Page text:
New Leader Takes Command of Coast Guard Cutter Diligence

Cutter Diligence former commanding officer Capt. Jeffrey Randall receives a parting gift of a framed painting with a commissioning pennant and three unique coins. (U.S. Coast Guard photo)
Cutter Diligence former commanding officer Capt. Jeffrey Randall receives a parting gift of a framed painting with a commissioning pennant and three unique coins. (U.S. Coast Guard photo)

WILMINGTON, N.C. — Cmdr. Matt Carter took command of the Cutter Diligence during a change of command ceremony Thursday in Wilmington.

Capt. Doug Fears, Chief of Staff for Coast Guard Atlantic Area Command, presided over the ceremony while Carter relieved Capt. Jeffrey Randall as the commanding officer of the Cutter Diligence.

“It’s a tough day when you have turnover command of a Coast Guard cutter that has been a big part of your life for the past two years.  It is only made more difficult by the special connection this cutter has to the City of Wilmington,” said Randall, “I couldn’t have asked for a better crew, and I look forward to overseeing your future endeavors from my new job.”

Carter reports from the Coast Guard Cryptologic Unit Texas, in San Antonio, Texas, where he served as the unit’s executive officer.

Following the ceremony, Randall reports to his next assignment as Chief division officer of the Operational Forces Branch of Coast Guard Atlantic Area, in Portsmouth, Virginia. He will oversee operational units reporting to the Atlantic Area command, including cutters, air stations, and deployable specialized forces, which includes the Maritime Security Response Team and several Coast Guard Maritime Safety and Security Teams.

In attendance were:  North Carolina State Senator Michael Lee, the Honorable Bill Saffo, Mayor of Wilmington, members of the Wilmington City Council and the New Hanover County Commissioners, as well as several other city officials and distinguished guests. 

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Operational highlights during Randall’s tenure were:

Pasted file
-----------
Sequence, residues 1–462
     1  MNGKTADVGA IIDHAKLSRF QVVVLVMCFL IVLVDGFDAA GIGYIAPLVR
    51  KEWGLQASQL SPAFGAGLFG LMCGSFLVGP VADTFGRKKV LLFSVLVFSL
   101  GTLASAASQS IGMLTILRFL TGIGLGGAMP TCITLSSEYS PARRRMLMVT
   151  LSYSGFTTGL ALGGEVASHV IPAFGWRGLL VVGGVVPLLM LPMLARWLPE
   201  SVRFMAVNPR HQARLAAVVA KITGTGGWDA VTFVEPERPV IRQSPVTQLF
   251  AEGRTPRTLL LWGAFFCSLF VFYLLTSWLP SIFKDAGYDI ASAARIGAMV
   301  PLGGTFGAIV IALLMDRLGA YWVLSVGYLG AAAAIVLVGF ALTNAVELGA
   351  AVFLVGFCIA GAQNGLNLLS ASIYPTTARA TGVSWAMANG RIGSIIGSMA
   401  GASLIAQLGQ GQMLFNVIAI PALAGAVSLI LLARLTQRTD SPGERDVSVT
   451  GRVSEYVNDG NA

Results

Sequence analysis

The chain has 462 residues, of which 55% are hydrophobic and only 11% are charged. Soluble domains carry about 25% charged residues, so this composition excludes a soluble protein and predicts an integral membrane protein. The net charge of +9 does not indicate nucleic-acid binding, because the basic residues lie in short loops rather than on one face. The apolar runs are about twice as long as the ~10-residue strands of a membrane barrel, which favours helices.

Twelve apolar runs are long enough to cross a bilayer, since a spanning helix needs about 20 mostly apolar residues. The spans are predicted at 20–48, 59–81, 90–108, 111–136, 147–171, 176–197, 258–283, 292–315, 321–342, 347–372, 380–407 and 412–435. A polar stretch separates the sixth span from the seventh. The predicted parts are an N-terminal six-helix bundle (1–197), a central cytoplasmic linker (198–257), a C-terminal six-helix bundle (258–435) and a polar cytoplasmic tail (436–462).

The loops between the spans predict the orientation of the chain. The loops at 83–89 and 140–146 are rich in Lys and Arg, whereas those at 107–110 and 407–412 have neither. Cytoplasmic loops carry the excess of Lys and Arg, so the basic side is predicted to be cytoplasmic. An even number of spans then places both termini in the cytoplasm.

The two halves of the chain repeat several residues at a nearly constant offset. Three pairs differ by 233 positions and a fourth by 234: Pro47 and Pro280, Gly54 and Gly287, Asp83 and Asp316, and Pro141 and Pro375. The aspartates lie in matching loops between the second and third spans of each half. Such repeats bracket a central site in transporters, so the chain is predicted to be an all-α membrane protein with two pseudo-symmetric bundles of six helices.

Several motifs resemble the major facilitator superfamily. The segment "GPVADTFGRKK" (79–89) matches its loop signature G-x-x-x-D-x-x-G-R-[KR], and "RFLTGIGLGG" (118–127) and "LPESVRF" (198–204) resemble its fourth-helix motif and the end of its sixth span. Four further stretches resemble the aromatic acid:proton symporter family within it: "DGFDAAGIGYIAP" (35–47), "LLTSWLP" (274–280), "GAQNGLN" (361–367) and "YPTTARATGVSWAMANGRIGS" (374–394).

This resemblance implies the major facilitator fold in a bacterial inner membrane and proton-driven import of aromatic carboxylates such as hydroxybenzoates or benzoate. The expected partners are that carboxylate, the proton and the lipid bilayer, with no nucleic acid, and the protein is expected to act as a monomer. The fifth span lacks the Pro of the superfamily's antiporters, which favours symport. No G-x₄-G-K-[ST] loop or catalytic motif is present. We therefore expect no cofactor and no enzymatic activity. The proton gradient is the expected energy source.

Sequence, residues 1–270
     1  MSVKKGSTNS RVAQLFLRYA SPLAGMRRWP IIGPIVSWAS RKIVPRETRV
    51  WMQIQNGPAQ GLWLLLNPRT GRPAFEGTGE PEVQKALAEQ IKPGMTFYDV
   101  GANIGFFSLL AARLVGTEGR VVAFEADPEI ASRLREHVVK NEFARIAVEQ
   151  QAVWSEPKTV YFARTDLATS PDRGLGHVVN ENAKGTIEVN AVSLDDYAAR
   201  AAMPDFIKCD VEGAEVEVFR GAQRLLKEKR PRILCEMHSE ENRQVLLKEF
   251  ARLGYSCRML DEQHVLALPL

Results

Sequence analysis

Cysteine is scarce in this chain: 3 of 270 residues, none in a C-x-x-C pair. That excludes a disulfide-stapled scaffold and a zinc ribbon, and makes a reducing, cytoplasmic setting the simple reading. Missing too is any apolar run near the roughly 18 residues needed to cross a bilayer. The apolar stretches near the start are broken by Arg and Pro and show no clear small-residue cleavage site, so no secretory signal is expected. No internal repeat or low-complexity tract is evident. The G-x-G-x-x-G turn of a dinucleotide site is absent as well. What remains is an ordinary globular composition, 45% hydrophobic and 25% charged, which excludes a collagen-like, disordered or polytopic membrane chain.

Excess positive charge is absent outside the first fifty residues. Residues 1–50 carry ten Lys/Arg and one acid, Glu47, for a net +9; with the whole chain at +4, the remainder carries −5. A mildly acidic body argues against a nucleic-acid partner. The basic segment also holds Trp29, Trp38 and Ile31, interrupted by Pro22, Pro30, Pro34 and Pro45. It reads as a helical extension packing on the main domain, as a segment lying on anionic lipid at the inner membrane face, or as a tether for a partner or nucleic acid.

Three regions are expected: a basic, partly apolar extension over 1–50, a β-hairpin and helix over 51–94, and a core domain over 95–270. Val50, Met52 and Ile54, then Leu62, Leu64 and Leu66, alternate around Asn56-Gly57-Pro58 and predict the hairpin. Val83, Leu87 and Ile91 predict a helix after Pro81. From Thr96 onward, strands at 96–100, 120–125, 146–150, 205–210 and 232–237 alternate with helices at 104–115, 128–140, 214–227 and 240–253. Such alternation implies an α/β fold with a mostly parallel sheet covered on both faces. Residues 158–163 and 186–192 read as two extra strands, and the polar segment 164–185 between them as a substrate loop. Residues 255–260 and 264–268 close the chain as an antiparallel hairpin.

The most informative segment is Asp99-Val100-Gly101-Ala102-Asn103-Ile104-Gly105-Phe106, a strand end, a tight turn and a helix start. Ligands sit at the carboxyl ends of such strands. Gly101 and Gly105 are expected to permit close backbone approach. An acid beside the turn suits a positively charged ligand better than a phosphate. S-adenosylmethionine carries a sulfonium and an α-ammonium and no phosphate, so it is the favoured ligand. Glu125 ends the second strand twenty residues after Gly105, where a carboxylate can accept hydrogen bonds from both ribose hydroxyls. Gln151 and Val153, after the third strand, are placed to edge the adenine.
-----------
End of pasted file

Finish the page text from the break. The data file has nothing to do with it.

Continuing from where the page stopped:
• Diligence served as a frontline cutter while conducting six multi-mission patrols in support of Coast Guard Districts One, Five, Seven and Joint Interagency Task Force South.
  • Diligence served in support of fishery patrols Operation Ocean Hunter and Operation Atlantic Venture and drug and migrant interdiction patrols Operation Southeast Watch and Operation Martillo.
  • Throughout Diligence’s six patrols, her crew steamed over 32,000 nautical miles, conducted 135 boardings, 553 helicopter evolutions, and executed five search and rescue cases.
  • In summer of 2014, Diligence reached its 50th anniversary as it entered the Coast Guard Yard for a 78-day, $2.8 million dollar drydock restoration, replacing, repairing and renewing vital components to maintain operational readiness and extend her service life.
  • Over the past two years, Diligence earned two awards, namely, the Overall Operational Readiness Award and the Coast Meritorious Unit Commendation Ribbon with the Operational Distinguishing Device.

The change of command ceremony is a time-honored tradition that formally restates the continuity of command.  It is preformed before an assembled crew to confirm to each member that although the authority of command is relinquished by one leader and assumed by another, it is still maintained without interruption.

Commissioned in 1964, Diligence is a 210-foot, diesel powered, helicopter-capable Coast Guard Cutter with 76 crewmembers. Diligence dutifully remains "On guard for America," patrolling the east coast of the United States, the Caribbean Sea and the Gulf of Mexico rescuing mariners in distress, protecting our environment and valuable fisheries resources, halting the immigration of illegal migrants, and helping staunch the flow of illegal drugs and contraband from entering the United States.

The current Diligence is the sixth that bears the name, and is the only active duty Coast Guard Cutter with the same name and homeport tracing back to one of ten original Revenue Marine Cutters, which was commissioned in 1791.

As fifty year-old Diligence and the rest of the 210’ and 270’ medium endurance cutter fleet continues to age and are operating past their original lifecycle of 20 years, the Coast Guard is replacing them with the multi-mission Offshore Patrol Cutter. The OPC’s will play a vital role in bridging the gap between the 418’ National Security Cutters, and the 154-foot Fast Response Cutters.  Together with their advanced 21st-century technology, these cutters will continue the missions of the longest sea-going service of the United States including, maritime law enforcement, search and rescue, homeland security and defense missions.

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Cutters and Patrol Boats